The State argues that the affidavit described the defendant's condition following the interrogation and not at the time of the confession. We agree that it is the condition of the defendant at the time of the confession which is relevant. However, the trial court could fairly infer from the affidavit's description of Pickar's suicidal state immediately following the interrogation that Pickar was emotionally distressed at the time of the interrogation. Furthermore, there is other evidence in the record which supports the court's finding of emotional stress. Pickar was a close personal friend of the two deceased women and had been in the truck with them when the vehicle overturned. He had spent time with them that evening. During the interrogation Pickar "had tears in his eyes or was whimpering." We conclude that there is sufficient evidence in support of the finding of emotional stress at the time of the interrogation.

The trial court found nothing in the record to indicate that Pickar had prior experience with police practices. The State disagrees, arguing that one of the interrogators testified that he knew Pickar from "prior visitation and dealings," and Pickar had pleaded guilty to fleeing or attempting to elude police and reckless driving in 1984. Pickar's prior conviction, however, was not disclosed to the trial court. Nor does the officer's oblique reference to his prior "visitation and dealings" with Pickar require the court to find that Pickar had a police record. The State had the burden of proving the voluntariness of Pickar's confession and of producing evidence on relevant factors, including Pickar's prior contacts with police. See State v. Whiteman, 67 N.W.2d 599 (N.D.1954); State v. Roquette, 290 N.W.2d at 264. Having failed to do so, it can hardly complain of the finding that Pickar had no experience with police, when the record would sustain no other finding.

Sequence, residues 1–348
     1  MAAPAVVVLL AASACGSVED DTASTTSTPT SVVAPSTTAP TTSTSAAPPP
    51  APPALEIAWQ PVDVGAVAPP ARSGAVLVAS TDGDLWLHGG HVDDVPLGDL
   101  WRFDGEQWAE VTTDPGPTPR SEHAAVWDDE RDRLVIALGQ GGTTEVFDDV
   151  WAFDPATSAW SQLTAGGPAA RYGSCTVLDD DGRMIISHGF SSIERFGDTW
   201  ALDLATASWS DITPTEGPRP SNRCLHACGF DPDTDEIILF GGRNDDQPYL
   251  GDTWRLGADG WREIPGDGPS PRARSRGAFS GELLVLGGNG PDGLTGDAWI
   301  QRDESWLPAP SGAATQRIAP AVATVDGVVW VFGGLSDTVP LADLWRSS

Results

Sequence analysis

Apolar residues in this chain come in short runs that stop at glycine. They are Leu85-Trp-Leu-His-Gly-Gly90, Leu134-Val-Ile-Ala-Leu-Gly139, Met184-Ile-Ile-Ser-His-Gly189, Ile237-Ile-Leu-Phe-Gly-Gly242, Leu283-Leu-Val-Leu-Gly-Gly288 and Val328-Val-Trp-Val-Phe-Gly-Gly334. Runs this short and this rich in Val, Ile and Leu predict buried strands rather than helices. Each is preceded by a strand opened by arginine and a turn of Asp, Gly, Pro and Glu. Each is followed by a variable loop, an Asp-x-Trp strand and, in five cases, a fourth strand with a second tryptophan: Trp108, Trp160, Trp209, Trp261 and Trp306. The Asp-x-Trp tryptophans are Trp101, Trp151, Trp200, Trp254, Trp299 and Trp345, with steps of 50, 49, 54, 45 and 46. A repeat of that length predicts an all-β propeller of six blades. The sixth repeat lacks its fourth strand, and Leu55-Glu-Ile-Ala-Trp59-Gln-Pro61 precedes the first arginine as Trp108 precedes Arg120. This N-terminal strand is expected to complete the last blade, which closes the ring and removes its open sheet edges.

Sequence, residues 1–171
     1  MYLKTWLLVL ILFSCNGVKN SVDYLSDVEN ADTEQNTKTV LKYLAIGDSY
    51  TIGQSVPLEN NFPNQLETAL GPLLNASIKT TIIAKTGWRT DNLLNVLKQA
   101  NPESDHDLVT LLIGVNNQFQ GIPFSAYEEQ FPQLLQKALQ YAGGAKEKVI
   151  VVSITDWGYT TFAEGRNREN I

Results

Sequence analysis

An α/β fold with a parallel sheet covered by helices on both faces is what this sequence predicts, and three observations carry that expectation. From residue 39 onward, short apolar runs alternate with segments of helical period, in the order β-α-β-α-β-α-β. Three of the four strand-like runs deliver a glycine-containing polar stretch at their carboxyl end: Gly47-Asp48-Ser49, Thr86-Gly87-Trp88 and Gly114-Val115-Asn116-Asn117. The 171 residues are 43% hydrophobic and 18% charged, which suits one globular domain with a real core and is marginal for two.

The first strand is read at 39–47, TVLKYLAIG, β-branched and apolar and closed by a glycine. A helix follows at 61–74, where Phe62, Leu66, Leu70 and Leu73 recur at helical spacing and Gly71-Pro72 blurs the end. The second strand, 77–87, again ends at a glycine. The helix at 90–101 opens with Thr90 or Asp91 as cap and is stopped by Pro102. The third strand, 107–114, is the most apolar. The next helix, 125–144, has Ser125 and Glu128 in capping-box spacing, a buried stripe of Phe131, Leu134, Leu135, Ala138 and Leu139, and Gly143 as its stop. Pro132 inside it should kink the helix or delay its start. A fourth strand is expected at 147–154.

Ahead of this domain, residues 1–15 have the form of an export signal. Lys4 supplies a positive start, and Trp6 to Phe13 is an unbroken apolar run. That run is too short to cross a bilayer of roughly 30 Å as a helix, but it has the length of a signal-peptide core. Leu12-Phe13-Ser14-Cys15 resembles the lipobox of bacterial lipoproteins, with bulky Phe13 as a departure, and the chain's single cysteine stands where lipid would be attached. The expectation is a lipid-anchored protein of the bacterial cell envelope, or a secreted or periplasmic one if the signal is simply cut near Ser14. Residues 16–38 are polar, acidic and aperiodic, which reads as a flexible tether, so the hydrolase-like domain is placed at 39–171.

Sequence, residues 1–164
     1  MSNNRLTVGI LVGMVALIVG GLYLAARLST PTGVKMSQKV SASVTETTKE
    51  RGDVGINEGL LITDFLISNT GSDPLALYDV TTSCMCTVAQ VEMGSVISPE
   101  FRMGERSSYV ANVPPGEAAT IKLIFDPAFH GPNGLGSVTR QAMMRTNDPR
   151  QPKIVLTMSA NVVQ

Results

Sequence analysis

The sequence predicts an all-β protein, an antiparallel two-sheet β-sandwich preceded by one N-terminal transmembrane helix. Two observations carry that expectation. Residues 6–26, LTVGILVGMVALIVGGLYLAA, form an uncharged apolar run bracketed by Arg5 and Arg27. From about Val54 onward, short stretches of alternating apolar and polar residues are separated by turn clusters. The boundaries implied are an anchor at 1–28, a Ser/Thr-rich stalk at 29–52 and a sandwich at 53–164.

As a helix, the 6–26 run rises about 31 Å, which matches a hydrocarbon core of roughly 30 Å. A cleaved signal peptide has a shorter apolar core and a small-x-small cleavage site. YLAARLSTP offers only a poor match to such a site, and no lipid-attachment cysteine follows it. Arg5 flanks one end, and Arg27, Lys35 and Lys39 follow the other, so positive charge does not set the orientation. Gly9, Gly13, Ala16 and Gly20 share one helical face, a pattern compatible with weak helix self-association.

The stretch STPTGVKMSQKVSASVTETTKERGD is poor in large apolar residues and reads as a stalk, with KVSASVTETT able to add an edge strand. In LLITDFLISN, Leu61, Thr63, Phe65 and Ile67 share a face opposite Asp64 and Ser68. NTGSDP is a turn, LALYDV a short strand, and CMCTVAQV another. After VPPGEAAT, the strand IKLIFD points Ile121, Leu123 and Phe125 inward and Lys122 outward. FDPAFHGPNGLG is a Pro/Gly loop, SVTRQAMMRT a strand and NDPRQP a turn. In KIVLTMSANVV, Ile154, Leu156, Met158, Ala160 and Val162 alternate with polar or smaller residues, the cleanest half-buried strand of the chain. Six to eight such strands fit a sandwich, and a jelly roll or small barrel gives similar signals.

The trial court also found that at the time of the confession, Pickar was suffering ill effects from physical injuries he sustained in the accident. The State challenges this finding, arguing that the defendant never complained to his interrogators about his pain or injuries. However, it is clear from the record that the officers knew that Pickar was in pain. One officer testified that, "I had gathered that he had rib injuries and that is why he was holding his side."

The State counters that Pickar's pain was not severe enough to vitiate the voluntariness of the confession. But there is no requirement that a single factor, such as the defendant's pain, be sufficient to render the confession involuntary. Schneckloth, supra. See Discoe, 334 N.W.2d at 470-71 n. 4. It is for the trial court to weigh the evidence of pain and its effect on the free will of the defendant as one factor in the totality of the circumstances. See Discoe, supra, 334 N.W.2d at 470-71 n. 4. Where the trial court has done so, we defer to its finding.

2. Police Conduct

The State next attacks several findings of coercive police conduct. The trial court found that the defendant, in a weakened and suggestible state, was interrogated in a small room for more than an hour and a half, where he was "boxed in" by his interrogators and asked more than twenty times whether he was driving the night of the accident. The trial court also found that the officers exerted psychological pressure on the defendant by playing on his sense of guilt and sense of duty to the families of his deceased friends.

Police conduct is an important component of the...